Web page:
TEPCO went on to state the shutdowns were caused by the loss of off-site power â€œdue to malfunction of one out of two off-site power systems.â€ This loss of power triggered emergency diesel generators, which automatically started to provide backup power to the reactors.
However, at 3:41 p.m. local time (1:46 a.m. EST), the emergency diesel generators shut down â€œdue to malfunction, resulting in the complete loss of alternating current for all three units,â€ according to TEPCO. The failure of the diesel generators was most likely due to the arrival of the tsunami, which caused flooding in the area. The earthquake was centered 240 kilometers from Japan, and it would have taken the tsunami approximately an hour to reach the Japanese islands.
This power failure resulted in one of the most serious conditions that can affect a nuclear plant — a â€œstation blackoutâ€ — during which off-site power and on-site emergency alternating current (AC) power is lost. Nuclear plants generally need AC power to operate the motors, valves and instruments that control the systems that provide cooling water to the radioactive core. If all AC power is lost, the options to cool the core are limited.
The boiling water reactors at Fukushima are protected by a Reactor Core Isolation Cooling (RCIC) system, which can operate without AC power because it is steam-driven and therefore does not require electric pumps. However, it does require DC power from batteries for its valves and controls to function.
If battery power is depleted before AC power is restored, however, the RCIC will stop supplying water to the core and the water level in the reactor core could drop. If it drops far enough, the core would overheat and the fuel would become damaged. Ultimately, a â€œmeltdownâ€ could occur: The core could become so hot that it forms a molten mass that melts through the steel reactor vessel. This would release a large amount of radioactivity from the vessel into the containment building that surrounds the vessel.
The containment buildingâ€™s main purpose is to keep radioactivity from being released into the environment. A meltdown would build up pressure in the containment building. At this point we do not know if the earthquake damaged the containment building enough to undermine its ability to contain the pressure and allow radioactivity to leak out.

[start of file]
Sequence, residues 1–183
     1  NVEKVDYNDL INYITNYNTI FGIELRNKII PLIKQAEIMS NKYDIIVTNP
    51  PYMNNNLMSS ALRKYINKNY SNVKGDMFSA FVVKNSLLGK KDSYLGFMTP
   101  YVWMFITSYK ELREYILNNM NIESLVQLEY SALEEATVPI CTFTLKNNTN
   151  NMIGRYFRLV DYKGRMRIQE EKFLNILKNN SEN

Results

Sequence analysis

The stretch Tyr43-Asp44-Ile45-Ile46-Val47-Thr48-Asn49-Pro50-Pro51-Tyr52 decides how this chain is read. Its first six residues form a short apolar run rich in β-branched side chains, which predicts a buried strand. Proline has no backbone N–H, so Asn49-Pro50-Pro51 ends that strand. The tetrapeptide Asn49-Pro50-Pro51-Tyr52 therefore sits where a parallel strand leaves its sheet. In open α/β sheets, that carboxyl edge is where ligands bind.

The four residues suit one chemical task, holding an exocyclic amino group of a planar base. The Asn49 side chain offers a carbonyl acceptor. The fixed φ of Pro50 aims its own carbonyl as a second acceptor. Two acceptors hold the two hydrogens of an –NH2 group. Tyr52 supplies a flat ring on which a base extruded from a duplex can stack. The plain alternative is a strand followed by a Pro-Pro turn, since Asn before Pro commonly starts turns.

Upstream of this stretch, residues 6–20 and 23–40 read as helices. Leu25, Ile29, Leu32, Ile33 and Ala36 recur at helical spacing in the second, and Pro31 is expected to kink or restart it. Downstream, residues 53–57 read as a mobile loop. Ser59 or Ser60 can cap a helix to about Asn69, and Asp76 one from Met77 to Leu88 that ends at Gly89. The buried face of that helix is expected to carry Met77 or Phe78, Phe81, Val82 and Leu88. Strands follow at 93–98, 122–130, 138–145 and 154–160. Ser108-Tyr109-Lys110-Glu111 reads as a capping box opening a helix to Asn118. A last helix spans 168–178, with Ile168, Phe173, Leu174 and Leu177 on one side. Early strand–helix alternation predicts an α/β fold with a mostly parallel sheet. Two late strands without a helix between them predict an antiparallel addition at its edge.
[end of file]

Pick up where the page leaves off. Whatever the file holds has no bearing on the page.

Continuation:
According to technical documents translated by Aileen Mioko Smith of Green Action in Japan, if the coolant level dropped to the top of the active fuel rods in the core, damage to the core would begin about 40 minutes later, and damage to the reactor vessel would occur 90 minutes after that.
Concern about a serious accident is high enough that while TEPCO is trying to restore cooling the government has evacuated a 3-km (2-mile) radius area around the reactor.
Bloomberg News reported that the battery life for the RCIC system is eight hours. This means that the batteries would have been depleted before 10 a.m. EST today. It is unclear if this report is accurate, since it suggests that several hours have elapsed without any core cooling. Bloomberg also reported that Japan had secured six backup batteries and planned to transport them to the site, possibly by military helicopter. It is unclear how long this operation would take.
There also have been news reports that Fukushima I Unit 2 has lost its core cooling, suggesting its RCIC stopped working, but that the situation â€œhas been stabilized,â€ although it is not publicly known what the situation is. TEPCO reportedly plans to release steam from the reactor to reduce the pressure, which had risen 50 percent higher than normal. This venting will release some radioactivity.
UCS will issue updates as more information becomes available.
Nickolas Roth is a Policy Analyst with the Union of Concerned Scientists.